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Flying rabbits and human hair


Collins Gallery, Glasgow until May 3


Maclaurin Art Gallery, Ayr until May 11


Kirkcaldy Museum and Art Gallery, Kirkcaldy until April 20

Adults, be warned: a "water feature" comprising babbling brook, pond and conveniently placed stepping stones, forms the centre piece of an exhibition for the three-plus age group at Strathclyde University's Collins Gallery in Glasgow, and if someone hasn't fallen into it by the time the show closes, it will be a miracle.

The pond with its woodland surround of grass, gnarled tree and flowers (all unashamedly fake) has been created to celebrate the career of 81-year-old Ivy Wallace, author and illustrator of the post-war children's books on flying rabbit Pookie and the Animal Shelf.

The books, which feature lots of elves in green clothing, miniature houses with lattice-work windows and toadstool dining tables, were relaunched in 1989 and now an animated film series has been made, soon to be broadcast.

As well as the pond, children will delight in a reading corner set with toadstool table, matching seats and all of Wallace's books; a video corner where the new film can be viewed, plus colouring-in sheets and quizzes geared to younger and older primary school pupils, all of whom are being invited to "invent a story about your own favourite toys and what they might get up to you when you are not around or asleep". Groups are asked to book before they visit.

Another exhibition which should appeal to children is the Claes Oldenburg, which is having its only Scottish showing at the Maclaurin Art Gallery in Ayr. This features 150 works by the highly influential American pop art sculptor who shot to fame in the 1960s with his intriguing soft sculptures of giant hamburgers and ice cream cones.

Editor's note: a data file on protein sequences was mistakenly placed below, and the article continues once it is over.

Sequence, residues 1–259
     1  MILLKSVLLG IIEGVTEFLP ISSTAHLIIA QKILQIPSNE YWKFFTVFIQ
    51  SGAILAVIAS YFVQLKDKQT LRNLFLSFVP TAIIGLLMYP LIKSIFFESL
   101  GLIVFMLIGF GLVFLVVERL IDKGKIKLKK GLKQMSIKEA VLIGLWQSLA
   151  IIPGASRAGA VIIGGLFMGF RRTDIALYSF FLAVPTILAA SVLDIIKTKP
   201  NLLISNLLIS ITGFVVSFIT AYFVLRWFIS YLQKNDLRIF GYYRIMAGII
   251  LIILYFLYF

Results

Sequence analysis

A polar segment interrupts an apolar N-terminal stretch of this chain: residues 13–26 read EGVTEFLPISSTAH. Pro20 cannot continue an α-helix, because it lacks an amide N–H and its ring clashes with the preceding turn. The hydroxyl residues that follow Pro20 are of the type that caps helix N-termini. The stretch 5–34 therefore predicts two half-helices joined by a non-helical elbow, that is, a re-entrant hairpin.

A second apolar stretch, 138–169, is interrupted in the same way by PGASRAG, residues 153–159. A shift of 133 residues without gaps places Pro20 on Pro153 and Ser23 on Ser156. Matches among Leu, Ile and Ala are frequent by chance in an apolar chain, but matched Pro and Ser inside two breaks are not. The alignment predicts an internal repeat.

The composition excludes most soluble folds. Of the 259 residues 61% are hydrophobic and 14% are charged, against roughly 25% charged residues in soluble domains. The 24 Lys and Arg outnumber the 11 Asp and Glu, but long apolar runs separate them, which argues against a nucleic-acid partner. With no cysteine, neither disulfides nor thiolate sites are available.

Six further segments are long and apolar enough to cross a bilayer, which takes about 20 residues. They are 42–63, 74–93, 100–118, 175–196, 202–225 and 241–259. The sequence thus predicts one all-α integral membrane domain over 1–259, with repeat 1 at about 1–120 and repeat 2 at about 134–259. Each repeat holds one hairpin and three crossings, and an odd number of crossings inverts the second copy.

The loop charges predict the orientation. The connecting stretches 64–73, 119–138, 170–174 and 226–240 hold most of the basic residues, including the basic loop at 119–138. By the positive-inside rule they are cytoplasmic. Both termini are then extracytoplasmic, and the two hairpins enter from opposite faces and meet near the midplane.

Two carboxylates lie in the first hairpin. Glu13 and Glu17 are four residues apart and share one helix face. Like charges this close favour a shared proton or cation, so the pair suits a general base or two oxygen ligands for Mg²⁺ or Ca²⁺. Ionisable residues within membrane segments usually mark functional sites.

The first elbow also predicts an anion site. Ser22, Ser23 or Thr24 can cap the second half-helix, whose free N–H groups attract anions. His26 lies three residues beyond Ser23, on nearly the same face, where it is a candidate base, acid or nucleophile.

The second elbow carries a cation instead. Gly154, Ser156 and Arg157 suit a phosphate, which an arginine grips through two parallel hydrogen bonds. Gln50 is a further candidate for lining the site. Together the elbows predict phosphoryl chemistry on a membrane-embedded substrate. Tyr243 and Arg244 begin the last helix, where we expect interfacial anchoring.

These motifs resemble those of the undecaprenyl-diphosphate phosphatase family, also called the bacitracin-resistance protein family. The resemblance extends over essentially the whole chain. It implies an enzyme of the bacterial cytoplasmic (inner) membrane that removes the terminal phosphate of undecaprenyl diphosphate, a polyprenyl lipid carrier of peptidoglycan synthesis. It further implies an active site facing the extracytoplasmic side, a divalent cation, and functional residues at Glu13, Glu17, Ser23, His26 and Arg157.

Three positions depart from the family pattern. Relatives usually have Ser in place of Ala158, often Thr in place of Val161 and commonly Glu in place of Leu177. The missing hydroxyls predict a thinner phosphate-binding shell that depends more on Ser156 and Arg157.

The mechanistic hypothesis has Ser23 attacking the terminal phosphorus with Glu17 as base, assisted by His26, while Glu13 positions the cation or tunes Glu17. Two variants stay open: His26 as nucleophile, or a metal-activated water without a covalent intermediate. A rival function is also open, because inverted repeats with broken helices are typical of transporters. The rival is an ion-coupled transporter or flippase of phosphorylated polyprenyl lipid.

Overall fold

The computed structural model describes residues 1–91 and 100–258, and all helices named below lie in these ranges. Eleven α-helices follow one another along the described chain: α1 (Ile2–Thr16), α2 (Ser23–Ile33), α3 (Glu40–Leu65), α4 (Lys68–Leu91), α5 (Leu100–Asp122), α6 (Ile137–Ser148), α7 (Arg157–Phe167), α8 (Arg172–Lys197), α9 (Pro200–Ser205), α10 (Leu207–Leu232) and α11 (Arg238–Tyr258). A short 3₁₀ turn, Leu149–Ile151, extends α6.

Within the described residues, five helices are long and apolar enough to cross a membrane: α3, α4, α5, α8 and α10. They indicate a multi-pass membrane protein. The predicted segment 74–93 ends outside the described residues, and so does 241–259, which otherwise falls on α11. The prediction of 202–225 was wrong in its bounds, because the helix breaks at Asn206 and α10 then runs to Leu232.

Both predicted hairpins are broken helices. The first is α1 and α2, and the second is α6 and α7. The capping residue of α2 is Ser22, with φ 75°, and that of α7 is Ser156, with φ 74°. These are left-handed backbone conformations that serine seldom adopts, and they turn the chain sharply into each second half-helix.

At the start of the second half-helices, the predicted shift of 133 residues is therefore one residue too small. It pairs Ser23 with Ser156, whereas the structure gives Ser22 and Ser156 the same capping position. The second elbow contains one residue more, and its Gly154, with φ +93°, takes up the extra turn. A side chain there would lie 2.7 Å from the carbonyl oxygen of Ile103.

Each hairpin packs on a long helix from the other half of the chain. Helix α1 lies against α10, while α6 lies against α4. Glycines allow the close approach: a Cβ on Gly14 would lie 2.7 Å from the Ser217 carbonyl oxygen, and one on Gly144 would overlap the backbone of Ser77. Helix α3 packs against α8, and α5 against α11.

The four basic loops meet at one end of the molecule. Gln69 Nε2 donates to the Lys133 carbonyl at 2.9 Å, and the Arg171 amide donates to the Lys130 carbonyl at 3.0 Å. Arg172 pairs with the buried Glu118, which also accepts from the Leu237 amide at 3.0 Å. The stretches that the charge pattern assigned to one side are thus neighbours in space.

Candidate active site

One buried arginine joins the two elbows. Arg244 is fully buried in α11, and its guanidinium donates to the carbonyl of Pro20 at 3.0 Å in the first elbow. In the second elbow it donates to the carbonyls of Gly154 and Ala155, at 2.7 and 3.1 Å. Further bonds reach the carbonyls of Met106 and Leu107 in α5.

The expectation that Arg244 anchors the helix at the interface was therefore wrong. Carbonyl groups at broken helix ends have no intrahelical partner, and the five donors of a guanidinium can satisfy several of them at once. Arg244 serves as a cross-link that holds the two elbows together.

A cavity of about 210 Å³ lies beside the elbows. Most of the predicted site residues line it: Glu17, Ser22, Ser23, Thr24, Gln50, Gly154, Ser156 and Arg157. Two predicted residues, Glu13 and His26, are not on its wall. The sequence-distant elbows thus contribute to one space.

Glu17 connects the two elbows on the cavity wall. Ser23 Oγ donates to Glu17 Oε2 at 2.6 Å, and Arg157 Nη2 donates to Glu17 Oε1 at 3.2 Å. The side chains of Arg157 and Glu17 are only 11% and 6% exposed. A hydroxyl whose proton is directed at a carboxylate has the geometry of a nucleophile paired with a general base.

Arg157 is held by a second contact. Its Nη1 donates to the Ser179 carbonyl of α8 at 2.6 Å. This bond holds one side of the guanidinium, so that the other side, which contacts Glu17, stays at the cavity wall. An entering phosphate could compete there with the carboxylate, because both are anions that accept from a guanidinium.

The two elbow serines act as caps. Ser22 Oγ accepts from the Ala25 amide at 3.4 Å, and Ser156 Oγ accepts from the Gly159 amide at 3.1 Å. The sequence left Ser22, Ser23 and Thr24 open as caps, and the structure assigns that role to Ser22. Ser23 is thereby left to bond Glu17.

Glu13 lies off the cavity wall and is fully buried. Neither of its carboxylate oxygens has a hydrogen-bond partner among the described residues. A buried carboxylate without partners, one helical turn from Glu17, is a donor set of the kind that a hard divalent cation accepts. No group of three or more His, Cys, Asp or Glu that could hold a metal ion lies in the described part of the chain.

Here, in a show called The Multiples Store, Oldenburg (now aged 67 and still going strong) displays smaller sculptures that he reproduced many times, explaining: "The multiple object was for me the sculptor's solution to making a print."

The work includes a filled baked potato, a used tea bag (37 x 26 inches), wedding cake, bars of soap and, one of his most recent pieces, a New York-style pretzel. This stimulating show proves that real sculpture doesn't have to be either solemn or cast in bronze. It is accompanied by an excellent paperback catalogue, with jargon-free explanations of the work by Oldenburg himself.

A similarly unconventional show is Raw Materials at Kirkcaldy Museum and Art Gallery. The theme is textiles, but this well-presented exhibition by 20 contemporary Scottish-based artists does feature not yards of printed cloth but a wide variety of work produced "through the medium of textiles andor the use of textile techniques".

Thus there is a wall hanging made from the kind of wire that electricians use, and a 15-foot length of silk which, through a painstaking process of folding and dying, has miraculously turned into a Scottish seascape. And there is a trio of dresses made from real, human hair.

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